• Luigi Alesi
    by Luigi Alesi

Why Italian?

A variety of motives lead people to choose to study Italian language and culture.

As a language that derived from Latin, Italian gives students in medical/scientific and legal fields valuable insight into the root words and meanings of common terms in their respective disciplines; most anatomical/scientific and legal terms have close relatives in Italian, such as, arteria, vertebra , stomaco, intestino, ibrido, mercurio, tribunale, ipotesi, legale, giudiziario…

Artistic fields have drawn much from Italian culture, so the areas of music, visual arts, poetry, culinary studies, all have been beneficiaries; that gives currency to words like allegro, crescendo, orchestra, basilica, terra cotta, cupola, stanza, ottava, terzina, spaghetti, tortellini, cannoli…,

Modern Italy was one of the founding nations of the European Union and is a member of the G20, the group of some of the most industrialized nations in the world; thus, Italian is an important language of commerce in fields such as Formula 1 car racing (e.g., Ferrari), fashion and design (e.g., Armani, Gucci, Damiani, Natuzzi,), and the food industry (Barilla, Bertolli).

Italy is a popular destination because of its immense variety—rocky, sandy, and cliffside beaches, rolling hillsides, the Alps and Apennines, fertile plains, cities steeped in architectural and artistic history, and a culinary inheritance as regional and wide-ranging as the people who inhabit the Italian peninsula; further, it has been estimated that 40% of the cultural riches of the world reside in Italy.

Many people study Italian because of its melodic, musical sound; because it is a phonetic language, Italian pronunciation is relatively easy.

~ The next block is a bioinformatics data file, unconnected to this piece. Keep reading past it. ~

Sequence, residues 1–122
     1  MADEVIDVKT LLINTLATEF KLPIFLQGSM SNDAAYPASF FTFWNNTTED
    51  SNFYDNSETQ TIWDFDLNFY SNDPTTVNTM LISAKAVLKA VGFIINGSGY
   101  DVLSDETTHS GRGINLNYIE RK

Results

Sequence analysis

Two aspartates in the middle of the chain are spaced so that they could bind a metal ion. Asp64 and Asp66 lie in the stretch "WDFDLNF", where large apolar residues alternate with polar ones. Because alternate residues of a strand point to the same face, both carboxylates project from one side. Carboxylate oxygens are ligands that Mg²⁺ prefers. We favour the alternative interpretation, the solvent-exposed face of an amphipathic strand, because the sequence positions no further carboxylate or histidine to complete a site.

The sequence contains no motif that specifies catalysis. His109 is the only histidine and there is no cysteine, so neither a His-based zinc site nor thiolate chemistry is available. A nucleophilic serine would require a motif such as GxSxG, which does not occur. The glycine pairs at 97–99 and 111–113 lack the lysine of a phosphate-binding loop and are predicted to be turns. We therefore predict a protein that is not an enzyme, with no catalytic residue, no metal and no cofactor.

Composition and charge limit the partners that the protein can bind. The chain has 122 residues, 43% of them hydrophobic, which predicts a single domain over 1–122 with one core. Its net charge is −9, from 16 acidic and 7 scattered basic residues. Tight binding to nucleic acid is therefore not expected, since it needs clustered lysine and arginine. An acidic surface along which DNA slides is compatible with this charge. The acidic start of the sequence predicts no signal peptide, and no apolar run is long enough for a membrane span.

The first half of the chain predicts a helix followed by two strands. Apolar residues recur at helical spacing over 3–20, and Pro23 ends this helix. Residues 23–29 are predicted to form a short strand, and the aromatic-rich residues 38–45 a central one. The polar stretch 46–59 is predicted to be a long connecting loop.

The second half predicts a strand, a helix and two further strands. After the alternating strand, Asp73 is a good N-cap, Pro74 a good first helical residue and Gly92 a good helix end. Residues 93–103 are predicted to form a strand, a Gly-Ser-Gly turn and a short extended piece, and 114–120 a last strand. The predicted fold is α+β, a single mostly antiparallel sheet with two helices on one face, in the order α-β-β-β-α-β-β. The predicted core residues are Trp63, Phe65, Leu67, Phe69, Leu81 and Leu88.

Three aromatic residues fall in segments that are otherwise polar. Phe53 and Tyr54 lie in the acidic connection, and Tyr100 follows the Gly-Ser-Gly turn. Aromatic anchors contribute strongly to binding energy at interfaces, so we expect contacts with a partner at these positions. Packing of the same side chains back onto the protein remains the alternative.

In some ways, as Chaucer is to English, Dante is to Italian: both writers gave these once marginalized, “vulgar” languages a place of honor within their literary canons and vaulted them into positions of respected status. For Italian, that status was further cemented by literary masterpieces by Petrarch, Boccaccio and others.

Unlike Latin, Italian is a living language with antique and modern traces, spoken today by almost 200,000 people as a first or second language; as such, it is a language of interest to travelers who desire to be more than tourists.

Italian is the fourth most studied foreign language in the world.

Italian is a language and culture studied for many reasons, including discovering more about one’s heritage. After thorough study, students can also decide to work or study in Italy, teach Italian, become tourist guides,  interpreters, or translators.

Why us?

Students in the Italian Studies Minor enhance their understanding of Italian language and culture through multiple venues: in class, via the Club Italiano, conversation groups, Film Nights (2-3 films each semester), and via study abroad programs. The learning of Italian language and culture is intertwined, with explicit cultural references to food, music, art, science, and more embedded into courses.